Wednesday, January 27, 2016

THE MONSTER WALKS (1932)

This Poverty Row thriller begins quite nicely: on a stormy night, in a room lit only by candles, a man and woman stand at the deathbed of Dr. Philip Earlton. The woman, Emma, pulls the sheet up over his face and suddenly a sharp shriek rings out from outside the room. The movie pretty much goes downhill from there, becoming a tepid old dark house thriller with the added attraction of an ape in the basement. It turns out that the shriek came from Yogi the ape, the devoted pet of the dead man, who, according to Emma, has sensed that his master has died. Others in the house include the dead man's wheelchair-bound brother Robert; Emma and her son Hanns, both servants in the house; Philip's daughter Ruth who is the heir—though the estate goes to Robert in the event of her death; and Ted Clayton, Ruth's handsome (B-movie handsome, that is) boyfriend. Ruth feels unsettled in the house, and with good reason: someone seems to be out to kill her, and it might be Yogi, who apparently never liked her. At one point, she wakes up to an ape hand reaching out from behind her bed trying to strangle her. Others try to tell her that she was probably just having a nightmare, but faithful housekeeper Emma agrees to switch rooms with her, and the next morning, Emma is found dead. Who exactly is this monster who walks?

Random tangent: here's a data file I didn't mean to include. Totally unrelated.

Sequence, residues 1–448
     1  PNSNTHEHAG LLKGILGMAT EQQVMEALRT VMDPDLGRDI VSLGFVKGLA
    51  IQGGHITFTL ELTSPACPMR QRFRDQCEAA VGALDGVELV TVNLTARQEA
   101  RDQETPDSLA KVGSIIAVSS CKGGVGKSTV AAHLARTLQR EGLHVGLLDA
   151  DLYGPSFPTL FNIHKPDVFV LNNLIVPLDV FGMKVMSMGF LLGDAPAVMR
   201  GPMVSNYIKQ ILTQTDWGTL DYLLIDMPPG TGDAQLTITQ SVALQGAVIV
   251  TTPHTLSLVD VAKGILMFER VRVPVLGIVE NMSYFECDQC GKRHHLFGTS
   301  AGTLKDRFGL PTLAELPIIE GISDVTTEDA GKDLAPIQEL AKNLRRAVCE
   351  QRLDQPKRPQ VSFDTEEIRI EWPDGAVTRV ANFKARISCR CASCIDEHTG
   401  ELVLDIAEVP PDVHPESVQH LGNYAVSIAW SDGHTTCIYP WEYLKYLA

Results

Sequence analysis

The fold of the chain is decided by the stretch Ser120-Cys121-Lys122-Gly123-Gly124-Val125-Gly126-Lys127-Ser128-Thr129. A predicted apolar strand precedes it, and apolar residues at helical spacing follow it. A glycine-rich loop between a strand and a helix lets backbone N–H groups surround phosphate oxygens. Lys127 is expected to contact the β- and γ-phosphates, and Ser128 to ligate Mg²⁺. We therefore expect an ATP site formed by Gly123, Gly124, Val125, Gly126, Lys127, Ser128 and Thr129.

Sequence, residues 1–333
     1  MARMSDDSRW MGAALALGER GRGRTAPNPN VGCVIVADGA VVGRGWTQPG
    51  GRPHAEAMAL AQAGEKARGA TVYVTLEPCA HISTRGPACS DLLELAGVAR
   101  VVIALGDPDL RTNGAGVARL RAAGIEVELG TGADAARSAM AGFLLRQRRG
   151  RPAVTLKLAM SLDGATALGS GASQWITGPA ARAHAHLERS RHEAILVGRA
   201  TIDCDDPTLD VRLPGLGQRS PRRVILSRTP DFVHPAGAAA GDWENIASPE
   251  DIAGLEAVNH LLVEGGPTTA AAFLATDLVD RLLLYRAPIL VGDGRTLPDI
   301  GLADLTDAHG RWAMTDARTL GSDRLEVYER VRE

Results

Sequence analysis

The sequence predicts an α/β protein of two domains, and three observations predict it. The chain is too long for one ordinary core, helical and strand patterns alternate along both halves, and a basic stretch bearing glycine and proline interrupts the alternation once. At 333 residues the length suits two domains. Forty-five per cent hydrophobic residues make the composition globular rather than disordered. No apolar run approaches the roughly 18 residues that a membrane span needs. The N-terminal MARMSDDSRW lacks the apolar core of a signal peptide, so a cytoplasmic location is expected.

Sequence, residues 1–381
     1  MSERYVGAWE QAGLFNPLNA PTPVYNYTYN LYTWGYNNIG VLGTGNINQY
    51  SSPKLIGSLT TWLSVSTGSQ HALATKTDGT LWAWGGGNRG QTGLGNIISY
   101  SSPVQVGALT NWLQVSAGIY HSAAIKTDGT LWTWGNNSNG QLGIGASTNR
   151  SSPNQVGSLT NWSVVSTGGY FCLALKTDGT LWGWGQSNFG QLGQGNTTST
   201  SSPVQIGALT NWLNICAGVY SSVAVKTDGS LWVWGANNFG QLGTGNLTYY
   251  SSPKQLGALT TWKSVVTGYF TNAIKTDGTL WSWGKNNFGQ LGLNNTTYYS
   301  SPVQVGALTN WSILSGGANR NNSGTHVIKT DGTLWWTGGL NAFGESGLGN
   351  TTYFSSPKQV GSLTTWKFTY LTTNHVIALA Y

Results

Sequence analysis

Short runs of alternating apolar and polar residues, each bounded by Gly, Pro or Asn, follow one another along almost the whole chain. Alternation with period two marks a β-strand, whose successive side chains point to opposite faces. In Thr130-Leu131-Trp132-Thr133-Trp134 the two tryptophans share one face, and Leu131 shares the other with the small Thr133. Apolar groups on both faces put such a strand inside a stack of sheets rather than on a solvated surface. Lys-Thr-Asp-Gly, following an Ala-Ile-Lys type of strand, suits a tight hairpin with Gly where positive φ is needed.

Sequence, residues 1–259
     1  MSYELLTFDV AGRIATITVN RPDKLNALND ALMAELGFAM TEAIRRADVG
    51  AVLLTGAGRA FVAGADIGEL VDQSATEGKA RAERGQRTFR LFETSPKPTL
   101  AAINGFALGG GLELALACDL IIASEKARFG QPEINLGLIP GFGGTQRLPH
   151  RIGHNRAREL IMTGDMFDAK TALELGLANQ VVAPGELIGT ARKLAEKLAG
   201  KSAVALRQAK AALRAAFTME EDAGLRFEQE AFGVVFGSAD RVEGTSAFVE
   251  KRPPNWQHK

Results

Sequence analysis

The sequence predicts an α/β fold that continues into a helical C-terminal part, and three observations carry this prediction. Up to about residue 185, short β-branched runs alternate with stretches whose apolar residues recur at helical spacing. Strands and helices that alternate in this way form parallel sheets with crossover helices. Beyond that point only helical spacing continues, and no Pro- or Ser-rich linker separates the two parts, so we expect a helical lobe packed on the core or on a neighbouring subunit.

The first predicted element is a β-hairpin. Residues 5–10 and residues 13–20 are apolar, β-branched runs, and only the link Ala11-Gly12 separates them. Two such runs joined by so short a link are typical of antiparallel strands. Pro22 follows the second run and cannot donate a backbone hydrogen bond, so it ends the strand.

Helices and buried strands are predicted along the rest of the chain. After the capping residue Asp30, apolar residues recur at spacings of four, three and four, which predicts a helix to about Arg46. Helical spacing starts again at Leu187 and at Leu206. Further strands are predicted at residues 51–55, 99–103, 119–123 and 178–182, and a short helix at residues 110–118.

There's not a lot to recommend this film except to die-hard fans of early horror/mystery films. The best thing, aside from the atmosphere of the first 10 minutes, is the performance of Mischa Auer as Hanns, a character who remains mysterious until the climax—his violin-playing, usually of Brahms' Lullaby, is a plotpoint. He's also the only actor who gets to express anything resembling real emotion, and Auer (pictured with Martha Mattox as Emma )does a fine job. Sheldon Lewis as Robert is clearly channeling Lionel Barrymore, which does him no favors, and Rex Lease (who appeared in dozens—maybe hundreds—of B-westerns, rarely in a starring role) as the mildly heroic Ted is a big zero. For a change, the ape is real, not a guy in a suit, though he's also not very scary, basically confined to jumping and dancing in a small cage. Willie Best plays the stereotyped scared-witless black servant; the less said, the better. Much of the dialogue is presented in a ponderous fashion, as though that delivery alone will create tension—it doesn't. There is a little fun to be had with the secret passages and such, but mostly this is a bland movie that might be good only as a curtain-raiser for a better thriller, like THE CAT AND THE CANARY. [YouTube]

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